Quantcast

Tuesday, May 7, 2013

Book Review: The Things They Carried by Tim O'Brien

I first was assigned this book in college, but the class didn't get around to it. I hung onto it for years as the professor had told us it was amazing, but it eventually went away in a purge. Then three years ago, a friend at the publisher asked if I'd like to have a copy as they were doing a special 20th Anniversary Edition, and I said yes. My copy is autographed to me! And luckily I talked my book club into reading it.

While one or two members of the book club didn't love the book, they all said they thought it was worthwhile. Some people were bothered by the war and the death and violence. And while none of those are my favorite things, this is a book about the Vietnam War, and so it is inevitable.

Tim O'Brien went to Vietnam as a 22-year-old, fresh out of college, and probably one of the older boys in his company. Is this book a memoir? A novel? A short story collection? All of the above? It reads like a memoir, but he tells us some things aren't true. But they are true. But they're not true. It's more about the truth of the emotions that's so vital and telling. At the end of this book, you really feel like you understand what it was like for Tim and the other soldiers. Some died horrible deaths, some skated through physically unscathed, some were poets, some were sadists. They all carried talismans that they thought would keep them safe, would keep them connected to home, would keep them same, and even after they came home, they all carried the emotional baggage. Some coped, some did not.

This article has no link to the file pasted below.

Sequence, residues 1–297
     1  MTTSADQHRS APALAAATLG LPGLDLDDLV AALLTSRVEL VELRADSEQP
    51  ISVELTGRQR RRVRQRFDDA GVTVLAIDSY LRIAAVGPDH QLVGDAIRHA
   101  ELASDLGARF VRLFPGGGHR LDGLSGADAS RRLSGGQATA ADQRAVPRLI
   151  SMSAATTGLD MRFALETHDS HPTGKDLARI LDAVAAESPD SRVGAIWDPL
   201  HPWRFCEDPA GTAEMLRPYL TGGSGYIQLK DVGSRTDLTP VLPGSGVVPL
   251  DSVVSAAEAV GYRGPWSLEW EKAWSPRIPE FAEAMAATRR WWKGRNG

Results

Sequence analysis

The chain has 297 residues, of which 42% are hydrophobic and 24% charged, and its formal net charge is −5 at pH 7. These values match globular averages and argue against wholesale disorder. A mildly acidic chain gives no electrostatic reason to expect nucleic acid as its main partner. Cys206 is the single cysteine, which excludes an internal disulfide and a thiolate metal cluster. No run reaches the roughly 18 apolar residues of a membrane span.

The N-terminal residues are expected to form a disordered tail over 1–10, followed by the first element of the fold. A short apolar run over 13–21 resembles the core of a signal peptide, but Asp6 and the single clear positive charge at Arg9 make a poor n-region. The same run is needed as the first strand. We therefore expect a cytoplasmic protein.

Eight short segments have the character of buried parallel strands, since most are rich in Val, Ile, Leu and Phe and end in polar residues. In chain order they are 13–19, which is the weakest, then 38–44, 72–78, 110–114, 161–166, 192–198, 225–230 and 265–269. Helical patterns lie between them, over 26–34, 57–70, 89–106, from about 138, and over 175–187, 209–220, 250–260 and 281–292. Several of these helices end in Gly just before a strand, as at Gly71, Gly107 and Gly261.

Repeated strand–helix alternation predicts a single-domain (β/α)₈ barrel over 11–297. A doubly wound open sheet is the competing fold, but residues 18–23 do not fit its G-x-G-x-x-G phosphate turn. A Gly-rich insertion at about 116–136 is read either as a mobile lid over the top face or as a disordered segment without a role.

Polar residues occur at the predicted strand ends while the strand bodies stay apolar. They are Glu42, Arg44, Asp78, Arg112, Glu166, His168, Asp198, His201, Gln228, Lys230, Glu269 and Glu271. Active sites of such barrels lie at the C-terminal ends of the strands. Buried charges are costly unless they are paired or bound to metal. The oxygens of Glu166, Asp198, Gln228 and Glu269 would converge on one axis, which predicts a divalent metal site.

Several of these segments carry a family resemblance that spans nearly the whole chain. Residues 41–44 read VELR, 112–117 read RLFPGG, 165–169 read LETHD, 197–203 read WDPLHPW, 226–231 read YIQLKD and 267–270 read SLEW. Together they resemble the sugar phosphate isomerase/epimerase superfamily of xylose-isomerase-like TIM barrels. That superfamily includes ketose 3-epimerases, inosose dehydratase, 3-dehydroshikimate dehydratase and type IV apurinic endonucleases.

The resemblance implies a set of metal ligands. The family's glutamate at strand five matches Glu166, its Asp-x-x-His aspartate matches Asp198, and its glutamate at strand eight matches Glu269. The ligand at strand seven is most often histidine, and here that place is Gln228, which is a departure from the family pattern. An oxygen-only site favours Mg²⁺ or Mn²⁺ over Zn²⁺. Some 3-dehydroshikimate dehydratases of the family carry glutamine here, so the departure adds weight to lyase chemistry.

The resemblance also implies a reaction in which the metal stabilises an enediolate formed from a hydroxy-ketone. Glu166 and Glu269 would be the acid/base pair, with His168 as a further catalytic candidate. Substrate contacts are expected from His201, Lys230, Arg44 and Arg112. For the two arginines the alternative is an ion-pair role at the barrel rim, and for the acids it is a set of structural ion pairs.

His writing is beautiful. It's poetic. It's stunning. The writing is such perfection that you read through this book fluidly, smoothly, without even seeing how complex the story is. That is the sign of true brilliance. Normally a complex story is difficult to read and slow going, but this was a fast, easy read. The narration changes from third to first to second, some chapters were initially published separately as short stories, some chapter discuss the writing of those stories, some stories are in the present (1990) and one is in the far past of Tim's childhood. And yet it all holds together as a unified whole. I wasn't sure I wanted to read a book about Vietnam, and obviously it took me a really long time to get around to it, but I am so utterly glad that I did. This book is a masterpiece.

I got this book for free from the publisher, but not in expectation of a review.

1 comment:

Anonymous said...

Yeah i read it too. Changed my life.